For most of the day prices are low, and most energy storage facilities are charging to full capacity. Thermal generating plants are at idle or shut down. Greg and his team watch the situation closely, however, to ensure they are ready for the evening peak. As the sun marches down the sky, solar output decreases. Greg’s control systems signal prices to increase across the grid to maintain balance. Power plants with low marginal costs begin to ramp up in step with the ascension of prices. At the utility and aggregator level, signals are sent to retail customers to pre-cool their houses in anticipation of raising thermostats later in the day. Touseef’s thermostat clicks down three degrees in response.

Soon, as families return home from work and school, demand increases sharply. Solar production falls, so prices move upwards rapidly, and thermal units respond. At a certain price point, utilities and aggregators across the region relay instructions for HVAC systems to conserve. Touseef’s thermostat clicks up six degrees, and Rhonda’s three hotels raise cooling settings to higher levels. Prices rise more, and Rhonda’s generator kicks on sending power back into the distribution system. Large and small energy storage systems begin to discharge as their trigger points are met. High-cost thermal “peaking” resources (combustion turbines) start up and tie into the grid.

Greg’s office is intense but calm. His team has been here before, and they have the tools to meet today’s challenges. According to his models, there is still an hour left before demand will “turn”, and decline as the day cools. Wind power is expected to ramp up several hours from now, but not soon enough to help with today’s peak.

Suddenly an alarm sounds: a combined cycle plant has tripped off-line. Because of the loss of generation, system frequency drops. Before Greg or his team can react, however, his systems have already called for deployment of Responsive Reserve in the region. Power generation units that are carrying Responsive Reserve ramp up to maximum level. David’s operations supervisor at the liquification plant receives the message directly from the ISO and immediately initiates the shut-down of several pumps and motors to meet their 9 MW Responsive Reserve obligation. Other resources in the region deploy, including several energy storage facilities, several aggregated residential storage resources, and a handful of backup generators located at industrial locations and data centers. Other loads with interruption contracts are shut down, and a number of micro-grids in several cities isolate themselves from the grid. David watches wholesale prices spike on his smart phone, as calls his operations supervisor: “Shut down the rest of the equipment as we planned.”

Supply and demand are back in balance at this point, but due to the tight reserves, prices remain very high for over an hour. Evening brings cooler temperatures, though, and demand slows, allowing prices to fall. Emergency generators shut off, battery storage facilities curtail discharge, and some Load Resources like David’s are released of their obligations. HVAC system settings resume normal levels and micro-grids re-connect with the distribution system. By the time Greg’s team hands over the control room to the night shift, wind generation is strong, thermal units are at lower levels, and prices are back to normal levels.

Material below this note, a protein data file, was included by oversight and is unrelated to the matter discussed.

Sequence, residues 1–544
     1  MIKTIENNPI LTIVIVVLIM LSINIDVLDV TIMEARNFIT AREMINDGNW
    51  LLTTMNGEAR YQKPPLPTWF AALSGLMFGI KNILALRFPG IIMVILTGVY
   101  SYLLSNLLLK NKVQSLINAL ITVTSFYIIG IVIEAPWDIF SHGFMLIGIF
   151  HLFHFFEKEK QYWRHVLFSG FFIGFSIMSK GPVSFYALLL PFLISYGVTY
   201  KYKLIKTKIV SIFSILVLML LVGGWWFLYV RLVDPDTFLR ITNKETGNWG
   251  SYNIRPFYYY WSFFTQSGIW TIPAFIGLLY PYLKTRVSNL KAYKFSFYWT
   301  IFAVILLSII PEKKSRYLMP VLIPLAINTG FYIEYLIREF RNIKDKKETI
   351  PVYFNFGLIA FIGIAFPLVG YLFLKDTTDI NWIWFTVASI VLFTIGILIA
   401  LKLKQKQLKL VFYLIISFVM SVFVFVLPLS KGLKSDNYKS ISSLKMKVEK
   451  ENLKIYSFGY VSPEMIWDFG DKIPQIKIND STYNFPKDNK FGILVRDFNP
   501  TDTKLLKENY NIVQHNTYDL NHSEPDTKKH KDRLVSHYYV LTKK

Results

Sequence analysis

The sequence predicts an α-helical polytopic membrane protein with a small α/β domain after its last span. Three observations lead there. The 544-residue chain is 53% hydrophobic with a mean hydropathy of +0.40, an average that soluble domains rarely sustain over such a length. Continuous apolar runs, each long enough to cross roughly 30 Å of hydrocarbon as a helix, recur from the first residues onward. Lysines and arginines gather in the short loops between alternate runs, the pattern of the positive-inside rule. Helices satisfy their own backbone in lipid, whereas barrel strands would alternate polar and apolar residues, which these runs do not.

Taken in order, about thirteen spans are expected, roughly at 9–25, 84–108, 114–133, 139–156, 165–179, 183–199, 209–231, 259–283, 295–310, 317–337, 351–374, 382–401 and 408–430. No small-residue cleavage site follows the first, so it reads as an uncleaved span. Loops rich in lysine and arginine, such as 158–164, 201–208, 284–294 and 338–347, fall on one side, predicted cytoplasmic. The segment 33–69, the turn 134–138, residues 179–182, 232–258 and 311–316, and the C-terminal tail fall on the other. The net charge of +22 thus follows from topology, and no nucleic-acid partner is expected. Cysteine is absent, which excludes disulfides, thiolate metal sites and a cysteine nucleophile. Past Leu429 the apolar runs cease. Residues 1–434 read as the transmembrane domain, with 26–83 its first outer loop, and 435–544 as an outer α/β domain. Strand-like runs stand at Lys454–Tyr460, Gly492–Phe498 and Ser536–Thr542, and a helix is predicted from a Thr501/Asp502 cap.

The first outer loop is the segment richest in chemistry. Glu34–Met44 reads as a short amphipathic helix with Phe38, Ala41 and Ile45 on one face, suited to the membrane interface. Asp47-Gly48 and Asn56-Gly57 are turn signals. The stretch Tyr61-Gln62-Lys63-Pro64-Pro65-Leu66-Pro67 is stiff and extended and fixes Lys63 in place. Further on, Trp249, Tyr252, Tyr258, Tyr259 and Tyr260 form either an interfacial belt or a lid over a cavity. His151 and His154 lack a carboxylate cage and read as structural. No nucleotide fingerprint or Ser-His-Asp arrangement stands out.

The next day, Touseef receives a text from aggregator AKB letting him know that his participation in the previous evening’s pricing event has earned him a bill credit of $7. Rhonda proudly shows her boss the settlement of the previous day’s activities. David’s liquefaction plant has also earned a sweet payday – not only did they earn a premium on the Responsive Reserve capacity; he was paid for the avoided energy based on Real Time prices. All three customers receive a message regarding today’s participation as well, and the cycle begins again.


In the above vignette, we’ve seen full cooperation and interconnection between the utility, an aggregator, the ISO, thermal generation resources, and distributed resources (both load-based and generation-based), acting in concert to meet the energy needs of the grid. Both electricity demand and supply swing drastically through the day. Many different technologies are called upon to balance these elements in a seamless, dynamic environment. Reliability of the grid is maintained, customers receive the power they need, and suppliers are fairly compensated for services provided. Granted, this is a simplified example.

“The future landscape will involve thousands of residential and commercial customers using many different aggregators and systems to present their demand response and distributed energy capacity to the market.”

Wholesale Market with gate.png

A multitude of control platforms will be in use to ensure control and data flow up and down the chain. Sophisticated dispatch and settlement systems will be necessary to deploy and compensate the players.

How far in the future is this scenario? Not far. In fact, many of the elements described above are already in operation in various markets. Trends in the market point to this complex picture of the future, filled with new and different business models and opportunities for innovation.

Author’s note:

In our next article, we will discuss the energy ecosystem as a series of layers, from the residential to grid, and how these layers relate to one another.